5 (Poor) Excuses for Opposing Roll Call Voting Reform
Every lawmaker in South Carolina seems to support roll call voting. And for good reason. Citizens have a fundamental right to know how their representatives are voting. Still, legislators continue to voice objections to roll call voting and the Senate has yet to pass a statutory roll call voting requirement.
Of course, the Policy Council fully supports roll call voting and has written extensively – here and here – on why roll call voting is essential to legislative and economic reform. But in the interest of fostering a full and open debate on this issue, we are taking our think tank hats off for a moment and looking at some of the excuses lawmakers continue to give for opposing roll call voting.
First, a bit of background. In 2010, the House unanimously passed a bill (H 3047) that would have required roll call votes on all bills and resolutions having the force of law, including each section of the budget; the second reading of every bill and joint resolution; the third reading of amended bills and joint resolutions; concurrence with an amended measure from the other chamber; and conference committee reports. Last week, the House passed a similar bill (H 3004) – again by unanimous vote.
For detailed analysis of this bill, as well as other roll call voting legislation, see our new report.
At its planning session in mid-November 2010, the House also reauthorized a rules change (H 3001) requiring more on-the-record voting. The Senate followed suit this week, passing a rules change (S 9) of its own. These rules changes do not have the force of law and remain in effect only until the end of the 2012 session.
Poor Excuse #1: Roll Call Voting Is Unconstitutional
Last year the Senate failed to pass roll call voting legislation over objections that roll call voting procedures should be governed by Senate rules, instead of substantive law. A statute requiring roll call voting, however, is not a mere procedural change, but a fundamental policy reform. In fact, it is a basic right, as demonstrated by our previous analysis of this issue. Notes Charleston School of Law Professor John Simpkins:
- While the Legislature may craft procedural rules for its daily operations, those rules may not infringe upon fundamental rights. [Roll call voting] is arguably a law that would have an impact on the direct relationship between citizens and their elected representatives, not simply a rule governing how the Legislature is organized or conducts its daily business.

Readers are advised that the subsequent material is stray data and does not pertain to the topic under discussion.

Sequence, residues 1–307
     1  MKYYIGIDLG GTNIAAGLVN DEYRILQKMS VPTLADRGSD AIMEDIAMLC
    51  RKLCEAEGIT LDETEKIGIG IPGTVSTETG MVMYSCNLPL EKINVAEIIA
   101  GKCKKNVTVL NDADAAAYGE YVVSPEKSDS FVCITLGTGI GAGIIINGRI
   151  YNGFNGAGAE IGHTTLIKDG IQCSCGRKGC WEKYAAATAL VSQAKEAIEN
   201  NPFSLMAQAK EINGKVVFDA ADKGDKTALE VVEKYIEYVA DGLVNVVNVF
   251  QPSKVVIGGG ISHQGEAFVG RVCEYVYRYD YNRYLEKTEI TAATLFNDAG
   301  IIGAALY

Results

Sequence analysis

Indeed, nothing prohibited the Senate from passing a rules change, statutory change and constitutional amendment, and all three proposals are up before the Senate this year. More telling is that the primary sponsor of each of these measures (S 7, 8, 9) is chair of the Senate Rules Committee. At the very least, this indicates that when complemented by a rules change (such as has already passed), a statutory roll call voting requirement is not considered unconstitutional by the Senate Rules chair. Again, though, even without a rules change, a statutory roll call voting requirement is a fundamental right that should be codified and protected by state law.
Poor Excuse #2: The Current System Works Just Fine
This excuse was recently voiced by several senators who voted for the rules change to record more votes. They argued, though, that the Senate already provides for a mechanism to record votes. “If it’s a voice vote, then you can and should say, ‘I’m voting with the prevailing side unless I list in the journal my opposition to the prevailing side,’” commented one senator. The assumption here is that a recorded vote is only necessary for controversial pieces of legislation. Otherwise, an apparently unanimous voice vote should be sufficient.
But who decides what bills are controversial or important? The Senate has repeatedly neglected to record votes on vital pieces of legislation, including:
- A multimillion dollar economic incentives package for a large company